The House of Spirits

Nathan Marsak

Nathan Marsak

· 2 min read

In February 1958, one Mr. Norman Leibow bought Carmen’s Garage (U. J. Gray, 1924) at 1314 Echo Park Avenue. Leibow tore off the front thirty feet facing Echo Park and rebuilt it, converting the whole works into the House of Spirits.

To advertise his new venture, Leibow called up Mueller Brothers Neon Company of 1229 West Sunset, and had this $1000 sign erected in March of 1958:


Thomas Hawk via Flickr

Two months later, to the tune of $1200, Leibow had Mueller Brothers construct this roof sign:

Mark Peacock via Flickr

Yes, it’s a quaint little cottage (hey, like the kind we used to have in Los Angeles!) with a wonky-donk chimney puffing out animated smoke. With a sunset behind, or maybe that’s a rising orange moon? It may be the greatest sign in Los Angeles, which would therefore make it the greatest sign in the world. (Why, of course there’s an image of it in my book.) Here is a time lapse of HOS on any given night. Any given night some nights ago, anyway.

Because the House of Spirits went up in flames one morning, in a rainstorm, about nine months ago. We were all waiting for her reopen because it appeared the fire was contained to the back and the neon was undamaged.

But, no. According to this fellow Mr. Leff, the newly-listed property is Tier 3 TOC (Transit Oriented Communities), which means, because it’s a half-mile from some bus stop, the developer can add two additional stories for up to twenty-two additional feet, increase density by 70%, reduce parking to half a spot per resident, decrease the setback 30%, and on and on. This thing is going to be three times as big as anything within miles. Of course the screeching schoolgirls for density have begun wetting themselves with glee and calling everyone the N-word, because what else is new.

You know what disqusted over at Curbed wants for you? The deleterious effects of high-density living seen in mental illness, children’s health, respiratory disease, heart attacks, cancer and human happiness.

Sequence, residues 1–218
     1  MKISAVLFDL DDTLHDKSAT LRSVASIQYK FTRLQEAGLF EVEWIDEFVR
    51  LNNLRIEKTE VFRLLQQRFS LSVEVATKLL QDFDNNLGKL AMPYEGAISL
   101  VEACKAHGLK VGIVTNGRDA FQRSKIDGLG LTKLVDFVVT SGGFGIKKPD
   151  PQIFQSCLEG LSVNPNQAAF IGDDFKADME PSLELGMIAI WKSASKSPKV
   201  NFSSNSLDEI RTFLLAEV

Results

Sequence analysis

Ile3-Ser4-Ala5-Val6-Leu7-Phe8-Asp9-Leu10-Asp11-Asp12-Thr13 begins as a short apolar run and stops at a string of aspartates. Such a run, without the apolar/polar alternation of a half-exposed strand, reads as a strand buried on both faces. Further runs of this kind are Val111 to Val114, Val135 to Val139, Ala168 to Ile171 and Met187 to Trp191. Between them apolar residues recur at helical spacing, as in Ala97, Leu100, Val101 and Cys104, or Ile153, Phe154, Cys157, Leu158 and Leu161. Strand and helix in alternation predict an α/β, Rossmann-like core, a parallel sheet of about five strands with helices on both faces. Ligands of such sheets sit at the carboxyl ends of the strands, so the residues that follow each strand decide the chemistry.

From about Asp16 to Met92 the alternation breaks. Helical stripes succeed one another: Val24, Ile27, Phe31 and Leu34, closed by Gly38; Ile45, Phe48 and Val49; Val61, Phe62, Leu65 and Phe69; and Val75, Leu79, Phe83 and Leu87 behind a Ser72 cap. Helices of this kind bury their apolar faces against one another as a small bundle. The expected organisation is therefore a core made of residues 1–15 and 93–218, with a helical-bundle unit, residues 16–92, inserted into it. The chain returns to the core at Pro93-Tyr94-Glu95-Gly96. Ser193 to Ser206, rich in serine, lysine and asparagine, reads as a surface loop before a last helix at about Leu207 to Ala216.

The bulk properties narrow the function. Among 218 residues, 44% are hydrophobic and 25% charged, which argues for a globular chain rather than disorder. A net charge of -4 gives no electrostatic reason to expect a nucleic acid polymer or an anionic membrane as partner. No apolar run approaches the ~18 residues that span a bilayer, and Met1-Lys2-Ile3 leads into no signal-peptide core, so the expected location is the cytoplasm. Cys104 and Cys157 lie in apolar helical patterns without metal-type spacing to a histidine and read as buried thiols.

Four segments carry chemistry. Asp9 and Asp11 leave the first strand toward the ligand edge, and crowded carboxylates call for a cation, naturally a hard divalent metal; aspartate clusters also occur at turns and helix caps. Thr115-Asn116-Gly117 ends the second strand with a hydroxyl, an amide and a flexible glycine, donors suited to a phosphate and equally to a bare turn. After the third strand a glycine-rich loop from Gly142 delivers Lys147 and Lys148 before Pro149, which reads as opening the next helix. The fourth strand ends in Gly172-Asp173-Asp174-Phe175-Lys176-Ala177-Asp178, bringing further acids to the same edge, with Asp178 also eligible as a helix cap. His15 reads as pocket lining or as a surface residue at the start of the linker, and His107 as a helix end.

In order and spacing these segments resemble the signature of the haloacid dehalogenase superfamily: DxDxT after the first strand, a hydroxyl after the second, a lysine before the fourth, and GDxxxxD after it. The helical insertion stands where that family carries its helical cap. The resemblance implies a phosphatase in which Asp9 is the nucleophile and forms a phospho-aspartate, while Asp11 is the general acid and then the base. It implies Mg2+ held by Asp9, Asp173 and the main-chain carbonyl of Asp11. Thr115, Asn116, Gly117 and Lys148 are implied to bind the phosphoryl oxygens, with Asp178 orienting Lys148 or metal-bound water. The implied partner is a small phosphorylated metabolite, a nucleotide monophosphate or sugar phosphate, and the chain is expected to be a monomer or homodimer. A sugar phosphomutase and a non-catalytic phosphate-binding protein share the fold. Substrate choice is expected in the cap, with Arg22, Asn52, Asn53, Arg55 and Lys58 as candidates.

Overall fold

That, and no cool neon signs.

- Echo Park Ave.

Nathan Marsak

About Nathan Marsak

NATHAN MARSAK says: “I came to praise Los Angeles, not to bury her. And yet developers, City Hall and social reformers work in concert to effect wholesale demolition, removing the human scale of my town, tossing its charm into a landfill. The least I can do is memorialize in real time those places worth noting, as they slide inexorably into memory. In college I studied under Banham. I learned to love Los Angeles via Reyner’s teachings (and came to abjure Mike Davis and his lurid, fanciful, laughably-researched assertions). In grad school I focused on visionary urbanism and technological utopianism—so while some may find the premise of preserving communities so much ill-considered reactionary twaddle, at least I have a background in the other side. Anyway, I moved to Los Angeles, and began to document. I drove about shooting neon signs. I put endless miles across the Plains of Id on the old Packard as part of the 1947project; when Kim Cooper blogged about some bad lunch meat in Compton, I drove down to there to check on the scene of the crime (never via freeway—you can’t really learn Los Angeles unless you study her from the surface streets). But in short order one landmark after another disappeared. Few demolitions are as contentious or high profile as the Ambassador or Parker Center; rather, it is all the little houses and commercial buildings the social engineers are desperate to destroy in the name of the Greater Good. The fabric of our city is woven together by communities and neighborhoods who no longer have a say in their zoning or planning so it’s important to shine a light on these vanishing treasures, now, before the remarkable character of our city is wiped away like a stain from a countertop. (But Nathan, you say, it’s just this one house—no, it isn’t. Principiis obsta, finem respice.) And who knows, one might even be saved. Excelsior!””
Nathan’s blogs are: Bunker Hill Los Angeles, RIP Los Angeles & On Bunker Hill.

Copyright © 2024 RIP Los Angeles. All rights reserved.
Powered by Vercel
Purchase Pro ↗